• Label Complexity: A DLP system may have automatic labeling and built-in policies for certain types of data protected by regulations, such as payment card data or personally identifiable information (PII). However, this accounts for a fraction of the sensitive data in a company’s possession, forcing it to label and create policies for intellectual property and other sensitive data manually.
  • Data Mislabeling: Traditional DLP relies on data labeling by the same employees that it is trying to protect against. Employees may intentionally mislabel data to make it easier to do their jobs or to enable them to take data with them to their next position.
  • Exfiltration Vector Coverage: Digital transformation means that the number of methods by which data can be shared and exfiltrated are constantly growing. As a result, it is difficult or impossible to keep up with the need to define policies to address new potential use cases.

These limitations make legacy DLP solutions ineffective at protecting against attempted data exfiltration. Limiting an organization’s cybersecurity risk requires a different approach to data security.

Best practices for successful data loss protection

A prevention-focused approach to addressing potential data leaks is fundamentally flawed and has numerous limitations that result in daily breaches of sensitive data.

Instead, organizations should focus on data loss protection by following these best practices:

  • Assume all data is important: Attempting to label all of an organization’s data is unscalable and prone to error. If sensitive data is mislabeled – intentionally or unintentionally – or overlooked, an organization is at risk of an expensive and damaging data breach. Additionally, multiple low-sensitivity pieces of data may aggregate to data of a higher classification. Treating all data as important is a more scalable and secure approach to data loss protection.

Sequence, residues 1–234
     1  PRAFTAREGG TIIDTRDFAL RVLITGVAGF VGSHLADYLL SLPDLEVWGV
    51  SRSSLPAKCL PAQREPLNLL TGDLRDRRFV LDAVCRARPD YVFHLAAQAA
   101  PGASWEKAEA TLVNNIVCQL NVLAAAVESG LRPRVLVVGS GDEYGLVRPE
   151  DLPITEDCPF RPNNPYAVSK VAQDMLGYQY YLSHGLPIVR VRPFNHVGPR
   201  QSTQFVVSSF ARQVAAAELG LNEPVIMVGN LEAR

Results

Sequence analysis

• Acknowledge incidents will happen: Traditional DLP solutions are focused on prevention, which leaves them unprepared for when an attempted data leak successfully evades their policies. Assuming that data leaks will occur and focusing on detection and response better prepares an organization for when something does go wrong.
  • Detect when something risky is happening: Different uses of data carry different levels of risk. Some legitimate uses of data carry high risk, while some unauthorized data usage is much less risky to the organization. Instead of attempting to define policies that govern “legitimate” and “illegitimate” use of data, focusing on monitoring for high-risk activities and determining whether or not they are legitimate.
  • Respond quickly to solve the problem: After a potential data leak is identified, rapid response is essential to minimizing the cost and damage caused by the incident. Organizations should have processes and solutions in place to quickly terminate the leak and the visibility required to identify the scope of the incident and respond accordingly.

Code42 believes that organizations should focus on data loss protection rather than data loss prevention. To learn more, check out this article on the perception of data loss prevention versus what is reality.

Data Loss Prevention vs Reality

Learn where there is a disconnect between the traditional prevention tools and reality when it comes to data security and insider threats.

Read the article